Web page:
U.S. Mint Produces 906 Million Coins for Circulation in November

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U.S. coin production slowed to 906 million in November
U.S. coin production slowed to 906 million in November

United States Mint coining presses slowed in November, striking the fewest number of coins for circulation since December 2020, and marking just the second month this year in which production fell under the one billion level.

In the headline figure for the month, the U.S. Mint manufactured 906 million coins — spread across cents, nickels, dimes, and quarters, posting declines of 23% from October and 18% from November 2021.

Here’s how the month compares against others in the past year:

November 2021 to November 2022 Circulating Coin Production

Month Mintages Rank
November 2022 906.00 M 13
October 2022 1,177.14 M 6
September 2022 1,003.72 M 10
August 2022 948.06 M 12
July 2022 1,100.62 M 9
June 2022 1,141.60 M 7
May 2022 1,255.32 M 4
April 2022 1,278.88 M 2
March 2022 1,452.58 M 1
February 2022 1,260.12 M 3
January 2022 1,249.84 M 5
December 2021 953.37 M 11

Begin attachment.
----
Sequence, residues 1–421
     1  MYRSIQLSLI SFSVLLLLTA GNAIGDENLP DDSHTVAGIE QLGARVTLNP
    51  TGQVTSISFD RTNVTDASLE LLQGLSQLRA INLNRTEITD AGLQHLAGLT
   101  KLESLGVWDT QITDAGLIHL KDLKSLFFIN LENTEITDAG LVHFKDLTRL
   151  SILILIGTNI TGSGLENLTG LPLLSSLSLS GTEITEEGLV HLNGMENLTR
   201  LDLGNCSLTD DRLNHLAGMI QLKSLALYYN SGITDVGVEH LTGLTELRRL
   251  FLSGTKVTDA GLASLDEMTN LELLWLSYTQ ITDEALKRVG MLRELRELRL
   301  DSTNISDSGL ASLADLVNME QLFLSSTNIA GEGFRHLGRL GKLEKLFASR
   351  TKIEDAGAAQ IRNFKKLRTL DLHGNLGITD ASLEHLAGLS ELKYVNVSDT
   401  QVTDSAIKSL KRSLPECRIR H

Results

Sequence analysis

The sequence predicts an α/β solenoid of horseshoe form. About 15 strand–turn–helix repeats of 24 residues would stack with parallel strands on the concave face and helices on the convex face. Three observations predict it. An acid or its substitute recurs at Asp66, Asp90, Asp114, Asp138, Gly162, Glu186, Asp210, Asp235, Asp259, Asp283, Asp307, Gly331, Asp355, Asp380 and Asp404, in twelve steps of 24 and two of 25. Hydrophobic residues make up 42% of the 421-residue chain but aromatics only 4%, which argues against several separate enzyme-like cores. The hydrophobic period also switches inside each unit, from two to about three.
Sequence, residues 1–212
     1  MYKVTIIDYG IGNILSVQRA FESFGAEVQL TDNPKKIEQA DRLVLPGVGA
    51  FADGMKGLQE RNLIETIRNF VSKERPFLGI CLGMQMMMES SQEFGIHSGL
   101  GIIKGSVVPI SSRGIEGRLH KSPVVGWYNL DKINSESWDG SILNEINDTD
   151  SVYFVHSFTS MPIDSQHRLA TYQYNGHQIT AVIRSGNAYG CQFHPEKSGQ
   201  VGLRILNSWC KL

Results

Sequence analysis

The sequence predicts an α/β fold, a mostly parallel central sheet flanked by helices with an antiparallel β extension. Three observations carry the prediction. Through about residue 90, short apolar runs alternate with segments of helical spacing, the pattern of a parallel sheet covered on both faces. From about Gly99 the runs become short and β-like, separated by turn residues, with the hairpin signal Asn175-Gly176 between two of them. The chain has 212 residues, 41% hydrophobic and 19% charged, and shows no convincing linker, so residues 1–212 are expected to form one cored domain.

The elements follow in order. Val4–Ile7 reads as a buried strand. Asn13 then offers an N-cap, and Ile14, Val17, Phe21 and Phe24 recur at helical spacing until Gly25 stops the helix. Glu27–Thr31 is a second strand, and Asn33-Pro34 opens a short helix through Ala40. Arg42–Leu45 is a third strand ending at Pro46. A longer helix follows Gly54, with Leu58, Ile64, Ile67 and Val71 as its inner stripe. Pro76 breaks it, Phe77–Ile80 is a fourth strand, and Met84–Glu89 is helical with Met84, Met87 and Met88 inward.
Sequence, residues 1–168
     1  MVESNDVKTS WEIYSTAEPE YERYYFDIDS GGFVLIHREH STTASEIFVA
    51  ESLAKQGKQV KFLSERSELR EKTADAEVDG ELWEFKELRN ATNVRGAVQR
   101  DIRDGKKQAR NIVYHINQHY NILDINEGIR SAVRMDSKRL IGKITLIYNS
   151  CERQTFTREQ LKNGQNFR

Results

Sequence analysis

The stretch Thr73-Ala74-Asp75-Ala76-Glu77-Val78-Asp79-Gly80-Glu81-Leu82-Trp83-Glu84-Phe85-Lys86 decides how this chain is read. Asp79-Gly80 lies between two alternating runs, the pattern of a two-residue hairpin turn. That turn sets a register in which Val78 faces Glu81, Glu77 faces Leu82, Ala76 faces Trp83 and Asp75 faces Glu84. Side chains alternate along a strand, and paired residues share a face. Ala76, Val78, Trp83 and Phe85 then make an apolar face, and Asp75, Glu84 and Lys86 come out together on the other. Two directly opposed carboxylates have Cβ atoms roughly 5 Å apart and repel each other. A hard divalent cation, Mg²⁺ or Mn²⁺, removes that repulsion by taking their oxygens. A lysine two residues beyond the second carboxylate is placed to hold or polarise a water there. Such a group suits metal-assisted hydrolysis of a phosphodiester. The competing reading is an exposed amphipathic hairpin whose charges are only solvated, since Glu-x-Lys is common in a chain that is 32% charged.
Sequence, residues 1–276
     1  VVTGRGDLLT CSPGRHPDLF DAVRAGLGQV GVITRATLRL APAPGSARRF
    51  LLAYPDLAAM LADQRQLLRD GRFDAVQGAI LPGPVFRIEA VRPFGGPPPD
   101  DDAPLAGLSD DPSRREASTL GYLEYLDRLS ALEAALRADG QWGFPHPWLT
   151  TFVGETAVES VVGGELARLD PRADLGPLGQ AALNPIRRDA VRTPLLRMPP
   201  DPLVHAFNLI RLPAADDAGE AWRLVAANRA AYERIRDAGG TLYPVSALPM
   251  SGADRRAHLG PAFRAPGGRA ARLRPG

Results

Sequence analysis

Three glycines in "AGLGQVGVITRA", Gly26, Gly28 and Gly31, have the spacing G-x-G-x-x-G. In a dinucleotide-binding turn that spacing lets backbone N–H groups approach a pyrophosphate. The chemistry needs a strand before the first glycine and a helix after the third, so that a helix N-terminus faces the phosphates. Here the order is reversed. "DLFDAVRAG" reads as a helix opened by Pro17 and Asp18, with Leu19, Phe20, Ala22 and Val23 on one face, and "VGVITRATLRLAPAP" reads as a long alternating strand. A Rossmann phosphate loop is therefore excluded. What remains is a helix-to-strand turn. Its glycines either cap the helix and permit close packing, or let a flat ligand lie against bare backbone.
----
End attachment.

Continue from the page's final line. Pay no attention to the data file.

November 2021 1,104.7 M 8

 

The U.S. Mint’s main mission is to manufacture coins based on the nation’s demand and then transport them to Federal Reserve Banks and their coin terminals for distribution into circulation.

The Federal Reserve orders more 1-cent coins from the U.S. Mint than any other denomination even as data shows that it costs 2.1 cents to make and distribute each one. The Mint struck 322.8 million Lincoln cents in November, representing 35.6% of the circulating-quality coins produced last month. Historically, the percentage has been around the low to mid 50s. That has not been the case for several months this year. Including November’s new low, October was at 38.9%, September was at 42.4%, August was at 47%, July was at 39.4% and June was at 40.2%.

Month-Over-Month

In month-over month comparisons for coins used daily by Americans, production totals in November declined:

  • 29.5% for Lincoln cents,
  • 30.4% for Jefferson nickels,
  • 14.3% for Roosevelt dimes, and
  • 17.3% for quarters.